I still get confused about whether I should have a stop before said punctuation. When I see example of '...' in the novels I read, they always have a space before. Any light to shed?

Fallen
08-18-2010, 07:15 PM
Dr G, perhaps it's because that punctuation mark is just taking the place of a word (and that missing word would naturally have spaces):

It's your ... car (It's your bloody car)

So the middle ellipsis like this is recognised by it's spaces.

The end ellipsis... There's no space for us over here, maybe because it shows that it's end ellipsis...?

To be honest, this isn't something I've really taken much notice of. Maybe Medieval
or someone else can be more precise...? :D

claws2
08-19-2010, 01:14 PM
My 2 cents. :D

First off, I'm in Yankee land, and so, our punctuation (AmE) is probably going to differ from those on the other side of the pond, which would be the BrE (and in other former BrE lands).

In commercially printed stories in AmE, it is extremely rare to see the use of three ellipsis points to end a block of text where the first point is in the location of where a period (full stop) could be located--which is the spot right next to the last character,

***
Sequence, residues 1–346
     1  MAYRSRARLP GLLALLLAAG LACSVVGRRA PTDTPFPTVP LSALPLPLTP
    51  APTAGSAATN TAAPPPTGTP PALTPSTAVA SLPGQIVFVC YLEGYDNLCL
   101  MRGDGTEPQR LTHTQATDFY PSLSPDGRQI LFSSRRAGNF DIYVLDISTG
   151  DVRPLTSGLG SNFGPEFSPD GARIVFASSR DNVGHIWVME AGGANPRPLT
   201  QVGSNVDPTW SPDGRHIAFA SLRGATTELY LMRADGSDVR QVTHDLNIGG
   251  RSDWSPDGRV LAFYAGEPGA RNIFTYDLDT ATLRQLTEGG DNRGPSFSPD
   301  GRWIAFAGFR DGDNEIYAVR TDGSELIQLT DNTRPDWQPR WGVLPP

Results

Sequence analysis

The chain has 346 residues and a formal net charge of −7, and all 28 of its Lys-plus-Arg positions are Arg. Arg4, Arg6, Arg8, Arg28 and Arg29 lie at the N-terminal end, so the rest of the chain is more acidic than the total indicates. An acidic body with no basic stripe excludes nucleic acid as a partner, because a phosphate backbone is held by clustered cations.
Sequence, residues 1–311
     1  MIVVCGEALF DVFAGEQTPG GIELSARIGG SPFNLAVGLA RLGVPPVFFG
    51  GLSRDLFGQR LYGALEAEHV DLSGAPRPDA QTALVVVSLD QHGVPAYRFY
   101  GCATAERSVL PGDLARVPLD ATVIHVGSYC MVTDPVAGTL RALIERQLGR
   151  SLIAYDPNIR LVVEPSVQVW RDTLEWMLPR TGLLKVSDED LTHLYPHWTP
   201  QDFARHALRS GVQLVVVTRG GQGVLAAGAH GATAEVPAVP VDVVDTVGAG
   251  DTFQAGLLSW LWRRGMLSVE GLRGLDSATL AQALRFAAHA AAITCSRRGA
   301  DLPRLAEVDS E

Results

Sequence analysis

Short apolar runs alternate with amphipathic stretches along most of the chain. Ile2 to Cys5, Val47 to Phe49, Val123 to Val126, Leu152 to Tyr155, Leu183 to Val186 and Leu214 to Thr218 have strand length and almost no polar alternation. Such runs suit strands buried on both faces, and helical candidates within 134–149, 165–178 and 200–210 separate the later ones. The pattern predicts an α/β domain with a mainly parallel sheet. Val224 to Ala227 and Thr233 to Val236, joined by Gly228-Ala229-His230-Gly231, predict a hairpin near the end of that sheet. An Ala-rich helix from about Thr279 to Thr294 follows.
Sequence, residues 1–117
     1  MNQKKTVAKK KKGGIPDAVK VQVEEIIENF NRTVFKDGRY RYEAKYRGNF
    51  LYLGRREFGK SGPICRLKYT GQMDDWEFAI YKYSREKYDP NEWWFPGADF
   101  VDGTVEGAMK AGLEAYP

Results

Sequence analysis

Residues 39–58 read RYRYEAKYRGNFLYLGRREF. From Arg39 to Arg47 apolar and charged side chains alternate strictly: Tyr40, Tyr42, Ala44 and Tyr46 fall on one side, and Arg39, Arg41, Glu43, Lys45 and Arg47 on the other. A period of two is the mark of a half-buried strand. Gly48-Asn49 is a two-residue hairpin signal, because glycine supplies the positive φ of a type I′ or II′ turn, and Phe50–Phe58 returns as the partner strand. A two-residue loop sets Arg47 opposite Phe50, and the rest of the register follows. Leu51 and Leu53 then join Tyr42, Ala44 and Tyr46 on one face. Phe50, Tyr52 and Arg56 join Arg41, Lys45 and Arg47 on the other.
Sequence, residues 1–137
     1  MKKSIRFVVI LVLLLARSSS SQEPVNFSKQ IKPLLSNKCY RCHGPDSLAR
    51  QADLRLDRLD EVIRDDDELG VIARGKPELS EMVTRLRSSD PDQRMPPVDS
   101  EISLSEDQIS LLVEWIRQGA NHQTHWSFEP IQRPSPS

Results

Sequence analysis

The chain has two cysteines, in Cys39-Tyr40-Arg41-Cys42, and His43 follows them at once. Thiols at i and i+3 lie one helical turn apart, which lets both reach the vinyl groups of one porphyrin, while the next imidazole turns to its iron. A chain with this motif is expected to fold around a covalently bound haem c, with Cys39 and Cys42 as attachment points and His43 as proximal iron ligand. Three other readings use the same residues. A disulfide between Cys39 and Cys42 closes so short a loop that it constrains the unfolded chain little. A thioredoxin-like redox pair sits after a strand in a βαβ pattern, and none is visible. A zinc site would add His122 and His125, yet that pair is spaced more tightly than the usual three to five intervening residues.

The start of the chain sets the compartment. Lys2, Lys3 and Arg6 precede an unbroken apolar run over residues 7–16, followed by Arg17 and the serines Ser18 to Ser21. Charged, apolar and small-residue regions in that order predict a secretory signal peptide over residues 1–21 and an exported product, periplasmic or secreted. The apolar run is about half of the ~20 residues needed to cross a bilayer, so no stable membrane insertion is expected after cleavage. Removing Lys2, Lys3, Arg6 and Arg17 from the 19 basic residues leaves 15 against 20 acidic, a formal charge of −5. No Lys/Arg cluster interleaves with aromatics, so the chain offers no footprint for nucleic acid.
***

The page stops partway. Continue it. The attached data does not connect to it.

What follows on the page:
e.g.,
The end ellipsis...

I think that practice might be somewhat common in BrE, but I don't know.

For us yankees (AmE), one of the following is more common,
AmE: This could be an ending ellipsis . . .
AmE: This could be an ending ellipsis. . . .


For punctuation in fiction prose, many of us (AmE) tend to sorta rely somewhat on what The Chicago Manual of Style (CMoS) suggests.

CMoS has recently put out a 16th edition, which I'm not planning to pick up. But I do have a copy of the 14th and 15th editions handy. Ellipsis points is handled better in the 14th edition, imo, while the 15th seems to make the usage more complicated.

Basically, in the 14th edition, there are two common methods:
-- 3 dots, where basically three ellipsis points are used, with spaces between and before and after each point, e.g., ". . . in the house . . . and ended . . ." which means that an ellipsis point will (usually) not be located in the spot right next to any adjoining text (except for some punctuation marks, e.g., double quotation marks). And this 3 dot sequence is used everywhere in the text, including the end of a block of text. I tend to think this is a very easy and simple method.
-- 2nd method (which is sorta recommended by CMoS 14th edition), which is more complicated and could sometimes end up having four dots for the ellipsis (where the 1st dot acts like the period (full stop) to end a sentence).